The ways in which Sloane acquired his material and shared both his knowledge and physical access to the collection were a vital part of the growth of the public sphere. His concern that the many different aspects of his collection should be kept together and made available to an international community led to the foundation of the British Museum, which became one of the most important contributions to that public sphere.

  • Examine the networks of exchange of information and objects both formal and informal, what they tell us not only about Sloane’s contacts, but about intention among the parties concerned
  • How they reflect the epistemological concerns of the time
  • How they contribute to changes that came beyond Sloane’s lifetime
  • What can be learned from other recent/current research projects such as the Cultures of Knowledge’ based at Oxford ‘an intellectual geography of the seventeenth century Republic of Letters’.

(Discussion group: Anne Goldgar, Peter Barber, Charlie Jarvis, Antony Griffiths, Clarissa von Spee, Andrew Burnett)
Discussion results (Frances Carey):

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5. Kim Sloan: Sloane’s Miscellanies – Objects/Meaning/Knowledge
Building on the discussion from the presentation in the morning sessions, I’d like to look at research questions that explore how Sloane acquired and interpreted his more ethnographic ‘artificial rarities’ but also look at what we now know those objects mean. In other words, can we tease out from the existing evidence the purpose and intention of the indigenous people from whom he or his agents acquired artefacts? Did the indigenous people from whom they were acquired select these objects carefully to represent aspects of their culture and lives or were they something they were happy to no longer have and what did they expect/want in exchange? What was the agency of choice of object – the donor or the receiver’s? These different cultures of exchange were mediated into cultures of knowledge. Sloane’s ethnographic material came from Asia, Africa, the Americas and Europe – we need to think carefully about potential engagement with people from those cultures today and how much knowledge they can contribute at the same time as being aware of potential sensitivities.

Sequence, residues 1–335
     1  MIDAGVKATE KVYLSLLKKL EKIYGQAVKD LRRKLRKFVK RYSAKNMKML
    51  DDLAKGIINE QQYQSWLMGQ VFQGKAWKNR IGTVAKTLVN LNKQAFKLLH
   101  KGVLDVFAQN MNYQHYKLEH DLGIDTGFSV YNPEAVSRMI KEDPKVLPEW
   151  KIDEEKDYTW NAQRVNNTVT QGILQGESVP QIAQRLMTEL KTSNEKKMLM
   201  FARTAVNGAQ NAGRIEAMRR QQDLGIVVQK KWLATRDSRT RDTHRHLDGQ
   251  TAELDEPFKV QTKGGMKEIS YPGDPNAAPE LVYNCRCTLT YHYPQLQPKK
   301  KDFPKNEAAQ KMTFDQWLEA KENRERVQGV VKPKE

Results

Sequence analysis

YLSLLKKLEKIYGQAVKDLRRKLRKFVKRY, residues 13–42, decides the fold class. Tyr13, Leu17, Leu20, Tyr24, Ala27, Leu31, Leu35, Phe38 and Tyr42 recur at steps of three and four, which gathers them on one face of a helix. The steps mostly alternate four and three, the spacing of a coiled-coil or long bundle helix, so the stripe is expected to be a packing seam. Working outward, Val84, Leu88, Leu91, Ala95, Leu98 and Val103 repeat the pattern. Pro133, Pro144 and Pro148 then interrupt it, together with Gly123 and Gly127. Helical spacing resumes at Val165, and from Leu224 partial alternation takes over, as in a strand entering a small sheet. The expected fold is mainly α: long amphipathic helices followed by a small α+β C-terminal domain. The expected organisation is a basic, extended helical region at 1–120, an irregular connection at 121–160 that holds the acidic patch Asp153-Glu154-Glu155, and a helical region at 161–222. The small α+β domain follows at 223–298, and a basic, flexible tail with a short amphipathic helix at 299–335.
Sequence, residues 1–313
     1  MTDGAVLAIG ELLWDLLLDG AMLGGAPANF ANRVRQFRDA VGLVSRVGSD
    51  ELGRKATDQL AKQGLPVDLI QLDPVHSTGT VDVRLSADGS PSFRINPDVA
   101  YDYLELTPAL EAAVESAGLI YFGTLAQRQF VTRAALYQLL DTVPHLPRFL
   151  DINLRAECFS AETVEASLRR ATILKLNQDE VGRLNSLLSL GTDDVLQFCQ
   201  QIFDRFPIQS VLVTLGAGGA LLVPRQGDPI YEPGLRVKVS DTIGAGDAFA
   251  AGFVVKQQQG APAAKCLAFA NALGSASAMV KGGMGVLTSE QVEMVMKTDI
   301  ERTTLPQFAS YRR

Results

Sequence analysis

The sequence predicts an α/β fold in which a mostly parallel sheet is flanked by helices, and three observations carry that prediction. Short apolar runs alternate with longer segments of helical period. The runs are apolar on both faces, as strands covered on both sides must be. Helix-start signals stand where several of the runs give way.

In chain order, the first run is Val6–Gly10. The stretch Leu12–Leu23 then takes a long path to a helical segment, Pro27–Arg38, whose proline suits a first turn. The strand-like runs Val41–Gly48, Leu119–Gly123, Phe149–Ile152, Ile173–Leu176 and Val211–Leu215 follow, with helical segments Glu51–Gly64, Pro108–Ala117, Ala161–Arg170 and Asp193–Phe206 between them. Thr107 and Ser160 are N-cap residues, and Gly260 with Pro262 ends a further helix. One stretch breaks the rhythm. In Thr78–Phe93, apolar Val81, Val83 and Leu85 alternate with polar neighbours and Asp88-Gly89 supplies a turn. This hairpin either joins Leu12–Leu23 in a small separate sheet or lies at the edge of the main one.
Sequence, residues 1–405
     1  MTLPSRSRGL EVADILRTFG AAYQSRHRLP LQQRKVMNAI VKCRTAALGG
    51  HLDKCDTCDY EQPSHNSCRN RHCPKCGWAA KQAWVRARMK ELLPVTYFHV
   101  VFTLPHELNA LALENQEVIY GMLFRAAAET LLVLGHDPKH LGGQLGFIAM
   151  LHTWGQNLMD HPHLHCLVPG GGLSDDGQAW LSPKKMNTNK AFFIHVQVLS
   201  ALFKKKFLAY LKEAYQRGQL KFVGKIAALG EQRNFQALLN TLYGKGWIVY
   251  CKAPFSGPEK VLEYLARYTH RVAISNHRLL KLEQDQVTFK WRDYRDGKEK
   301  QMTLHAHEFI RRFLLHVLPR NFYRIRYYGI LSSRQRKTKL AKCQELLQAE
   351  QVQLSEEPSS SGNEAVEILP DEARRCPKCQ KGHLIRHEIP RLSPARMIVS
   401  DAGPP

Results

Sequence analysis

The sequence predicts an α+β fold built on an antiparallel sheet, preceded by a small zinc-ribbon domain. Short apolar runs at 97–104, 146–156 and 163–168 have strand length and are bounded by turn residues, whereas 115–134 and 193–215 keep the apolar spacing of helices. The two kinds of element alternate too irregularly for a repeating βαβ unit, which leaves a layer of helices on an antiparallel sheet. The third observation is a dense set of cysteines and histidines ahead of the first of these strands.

(Discussion group: Steven Hooper, Jeremy Coote, Sarah Longair, Maxine Berg, Jessica Harrison-Hall, Lissant Bolton, Khadija Carroll La)
Discussion results (Kim Sloan):

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6. Craig Ashley Hanson and Sachiko Kusukawa: Images and science and Sloane’s collections
Craig: Addressing connections between eighteenth-century art and science, this discussion proceeds from the following questions: How might we understand the evidentiary potential of images, objects, and specimens within Sloane’s collections? What roles did judgment, taste, connoisseurship, and virtu play, and how did these bear on the power of artefacts to persuade? How might we account for the status of the ‘exceptional’ (whether owing to rarity or aesthetic refinement) in formulating broad knowledge claims?
Sachiko: How do images’ function as evidence, argument, proof or persuasion, though we need to keep in mind the wider purview of ‘science’ at this time, which included mechanical, mathematical, natural historical, medical – and importantly – antiquarian and archaeological objects (Stephanie Moser’s work comes to mind); how they were generated and circulated (and whether these patterns of generation and movements differ from those of scientific objects and texts)?

(Discussion group: Michael Hunter, Jonathan King, Felicity Roberts, Caroline Barry, Giulia Bartrum, Florike Egmond)
Discussion results (Craig Ashley Hanson):